The musical production of Miguel Kertsman, Time? What’s Time? reminds me of the expansive musical experimentation of the old radio show, Musical Starstreams, that born-in-the-’80s program featuring “space music” and later, trance music, trip hop, and all sorts of exotic music that had no category. (Much to my amazement, Starstreams and host Frank Forest are still around and available by streaming from his Internet site.)
But Kertsman is so much more than far-out noodling in space-time. The Brazilan-born artist has performed with orchestras all over the world and is at home with a grand pipe organ as he is with electronic instruments. In the lush and fantastic Time? What’s Time? I was expecting Philip Glass-like play with dynamics and time signatures, but that’s just a beginning for Kertsman. He’s all over the place, layering tribal sounds over a bed of ambient music, string ensembles, a full symphony, baroque singing, and even pop singing with lyrics. It could have been a mess, or just a head trip. And, well, sometimes it is. But mostly it works, sending the listener on fantastic flights of fancy that are best listened to at home and not in a moving environment such as a car. I’d hate to see the accident caused by listening to one of Kertsman’s involved and wound-up musical adventures. Talk about distracted driving!
I’m not at all sure the listener is going to get as much out of the album that Kertsman intends with his ambitious liner notes (If he indeed wrote them: no other credit is given.) They give a long, and fairly pretentious story of “the Masters of Vega” who live within the Universal Music. They somehow make themselves known. Gravity tunnels form and humans must choose which ones to take. (Why?) The ones who take the right tunnels prepare new worlds….blah…blah…blah. I can’t go on with this stuff. Nor could I follow it with the music.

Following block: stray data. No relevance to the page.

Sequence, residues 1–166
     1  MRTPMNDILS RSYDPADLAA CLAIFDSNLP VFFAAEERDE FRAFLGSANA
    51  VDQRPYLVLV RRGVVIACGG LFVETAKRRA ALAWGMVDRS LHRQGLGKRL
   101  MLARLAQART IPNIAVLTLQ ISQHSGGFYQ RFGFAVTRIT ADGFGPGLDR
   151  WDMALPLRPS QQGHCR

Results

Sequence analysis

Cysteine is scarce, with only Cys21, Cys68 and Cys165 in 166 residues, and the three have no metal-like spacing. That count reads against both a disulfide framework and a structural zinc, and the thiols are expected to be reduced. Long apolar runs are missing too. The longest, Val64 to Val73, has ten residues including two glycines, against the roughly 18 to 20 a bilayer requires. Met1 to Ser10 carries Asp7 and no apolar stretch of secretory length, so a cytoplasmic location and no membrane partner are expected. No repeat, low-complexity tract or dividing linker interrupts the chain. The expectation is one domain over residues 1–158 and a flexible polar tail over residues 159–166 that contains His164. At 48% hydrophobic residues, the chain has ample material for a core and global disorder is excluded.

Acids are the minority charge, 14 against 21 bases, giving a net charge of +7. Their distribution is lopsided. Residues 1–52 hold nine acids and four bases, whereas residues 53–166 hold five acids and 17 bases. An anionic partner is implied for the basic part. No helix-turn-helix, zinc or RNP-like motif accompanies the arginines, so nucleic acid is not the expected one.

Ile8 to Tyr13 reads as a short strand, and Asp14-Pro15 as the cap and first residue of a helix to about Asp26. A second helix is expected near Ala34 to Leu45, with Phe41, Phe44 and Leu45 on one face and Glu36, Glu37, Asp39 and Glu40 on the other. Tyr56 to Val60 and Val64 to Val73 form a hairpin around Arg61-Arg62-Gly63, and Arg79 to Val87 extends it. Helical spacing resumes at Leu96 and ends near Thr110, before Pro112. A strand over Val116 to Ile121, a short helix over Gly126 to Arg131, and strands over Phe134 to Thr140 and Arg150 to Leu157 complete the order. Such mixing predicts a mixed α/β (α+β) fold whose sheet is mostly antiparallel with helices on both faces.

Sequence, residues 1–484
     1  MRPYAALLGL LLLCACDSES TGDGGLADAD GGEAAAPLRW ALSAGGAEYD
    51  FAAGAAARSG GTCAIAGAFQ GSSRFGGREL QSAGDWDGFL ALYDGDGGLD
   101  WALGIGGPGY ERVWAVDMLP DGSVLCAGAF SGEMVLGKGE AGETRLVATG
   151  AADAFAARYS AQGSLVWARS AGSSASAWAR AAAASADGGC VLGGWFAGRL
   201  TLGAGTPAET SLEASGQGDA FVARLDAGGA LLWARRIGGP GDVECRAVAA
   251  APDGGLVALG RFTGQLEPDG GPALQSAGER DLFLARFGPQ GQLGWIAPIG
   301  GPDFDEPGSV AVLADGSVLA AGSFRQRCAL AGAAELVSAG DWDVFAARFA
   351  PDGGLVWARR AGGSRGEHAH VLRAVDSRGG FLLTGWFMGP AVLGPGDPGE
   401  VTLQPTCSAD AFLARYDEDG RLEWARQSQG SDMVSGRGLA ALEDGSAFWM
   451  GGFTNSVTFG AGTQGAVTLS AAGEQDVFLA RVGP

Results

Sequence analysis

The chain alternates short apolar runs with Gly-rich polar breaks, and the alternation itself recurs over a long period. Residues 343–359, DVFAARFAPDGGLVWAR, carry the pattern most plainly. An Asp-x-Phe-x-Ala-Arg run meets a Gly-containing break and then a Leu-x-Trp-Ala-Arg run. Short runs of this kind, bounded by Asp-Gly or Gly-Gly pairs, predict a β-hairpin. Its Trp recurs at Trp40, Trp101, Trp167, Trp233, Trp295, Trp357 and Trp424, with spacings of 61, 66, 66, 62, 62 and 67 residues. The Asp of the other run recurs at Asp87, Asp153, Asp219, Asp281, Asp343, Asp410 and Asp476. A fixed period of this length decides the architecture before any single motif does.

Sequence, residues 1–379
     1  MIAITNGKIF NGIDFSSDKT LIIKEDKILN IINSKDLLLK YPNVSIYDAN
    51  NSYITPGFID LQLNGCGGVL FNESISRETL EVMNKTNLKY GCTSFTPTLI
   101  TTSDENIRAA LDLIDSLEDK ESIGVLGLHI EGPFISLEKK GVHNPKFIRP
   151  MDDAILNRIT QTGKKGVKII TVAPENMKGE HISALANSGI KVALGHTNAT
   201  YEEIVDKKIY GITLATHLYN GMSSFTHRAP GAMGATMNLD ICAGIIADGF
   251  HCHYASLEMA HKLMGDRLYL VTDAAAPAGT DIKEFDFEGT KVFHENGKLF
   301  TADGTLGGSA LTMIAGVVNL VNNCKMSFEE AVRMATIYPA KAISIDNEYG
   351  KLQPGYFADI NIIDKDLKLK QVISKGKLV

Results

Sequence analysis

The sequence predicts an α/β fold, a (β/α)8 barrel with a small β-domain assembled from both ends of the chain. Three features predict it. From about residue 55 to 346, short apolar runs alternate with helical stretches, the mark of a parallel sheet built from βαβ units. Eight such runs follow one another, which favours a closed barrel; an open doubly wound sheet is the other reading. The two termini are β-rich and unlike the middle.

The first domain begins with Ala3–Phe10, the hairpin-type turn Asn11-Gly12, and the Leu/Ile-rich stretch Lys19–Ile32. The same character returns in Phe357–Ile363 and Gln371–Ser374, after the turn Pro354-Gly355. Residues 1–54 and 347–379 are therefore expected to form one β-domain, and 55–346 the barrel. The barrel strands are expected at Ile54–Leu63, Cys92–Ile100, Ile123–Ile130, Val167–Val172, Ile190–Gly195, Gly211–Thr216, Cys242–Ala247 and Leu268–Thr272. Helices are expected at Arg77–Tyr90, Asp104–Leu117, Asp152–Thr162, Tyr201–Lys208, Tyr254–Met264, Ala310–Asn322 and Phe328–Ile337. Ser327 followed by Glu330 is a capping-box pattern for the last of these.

But it didn’t detract from the artistry one bit. There was some very intensive musicianship on display including great jazzy piano work on “Promises, Lies, and Deception,” “The Drifter” just rocks out. I thoroughly enjoyed all the ethereal musical touches, whether they were electronic or orchestra, for Kertsman avoided that drifting-off-into-space sound. However, and I may just be idiosyncratic about this, I didn’t go for the vocal work. It seemed too hokey for a musical production of this magnitude. The “Masters of Vega” were operatic in sound and they grated on my nerves. Let’s keep opera in opera. I’ve never liked the sound of traditionally trained singers fighting off electric guitar or synthesized sound. It just doesn’t work.
On the whole this is an astounding work, full of musical genius, and brimming with ideas that may make your eyes pop. On the downside, Kertsman may have tried to pack too much into one album. He’s done plenty in his career, having produced Four Choruses & Lullabies, Amazonica, Rhythmic Fission and Gravity Tunnel, so another album is not out of the question. I’d have been happier without the vocals. As for the liner notes, if you can follow them, more luck to you. If not, I doubt the listener is missing anything.
For those with PCs, his Web site also offers a Conyclism game (for a limited time) on his Web site. There also are more videos on the site.Powered by Sidelines